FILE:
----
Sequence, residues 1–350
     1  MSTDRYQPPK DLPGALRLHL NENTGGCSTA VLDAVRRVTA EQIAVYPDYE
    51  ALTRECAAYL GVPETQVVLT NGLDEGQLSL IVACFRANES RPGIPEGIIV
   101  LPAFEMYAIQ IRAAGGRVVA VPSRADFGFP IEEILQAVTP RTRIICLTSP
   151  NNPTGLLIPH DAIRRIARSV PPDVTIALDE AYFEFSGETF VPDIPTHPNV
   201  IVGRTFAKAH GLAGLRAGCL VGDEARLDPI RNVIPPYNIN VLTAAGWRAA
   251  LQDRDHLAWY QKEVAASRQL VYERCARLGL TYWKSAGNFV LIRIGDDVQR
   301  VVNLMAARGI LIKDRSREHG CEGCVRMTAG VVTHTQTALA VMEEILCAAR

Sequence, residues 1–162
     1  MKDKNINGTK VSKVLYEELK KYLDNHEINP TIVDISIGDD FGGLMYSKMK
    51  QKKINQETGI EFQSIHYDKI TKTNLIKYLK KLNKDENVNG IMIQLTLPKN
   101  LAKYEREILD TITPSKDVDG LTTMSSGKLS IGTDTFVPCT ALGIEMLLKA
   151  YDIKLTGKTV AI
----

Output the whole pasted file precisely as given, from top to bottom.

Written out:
Sequence, residues 1–350
     1  MSTDRYQPPK DLPGALRLHL NENTGGCSTA VLDAVRRVTA EQIAVYPDYE
    51  ALTRECAAYL GVPETQVVLT NGLDEGQLSL IVACFRANES RPGIPEGIIV
   101  LPAFEMYAIQ IRAAGGRVVA VPSRADFGFP IEEILQAVTP RTRIICLTSP
   151  NNPTGLLIPH DAIRRIARSV PPDVTIALDE AYFEFSGETF VPDIPTHPNV
   201  IVGRTFAKAH GLAGLRAGCL VGDEARLDPI RNVIPPYNIN VLTAAGWRAA
   251  LQDRDHLAWY QKEVAASRQL VYERCARLGL TYWKSAGNFV LIRIGDDVQR
   301  VVNLMAARGI LIKDRSREHG CEGCVRMTAG VVTHTQTALA VMEEILCAAR

Sequence, residues 1–162
     1  MKDKNINGTK VSKVLYEELK KYLDNHEINP TIVDISIGDD FGGLMYSKMK
    51  QKKINQETGI EFQSIHYDKI TKTNLIKYLK KLNKDENVNG IMIQLTLPKN
   101  LAKYEREILD TITPSKDVDG LTTMSSGKLS IGTDTFVPCT ALGIEMLLKA
   151  YDIKLTGKTV AI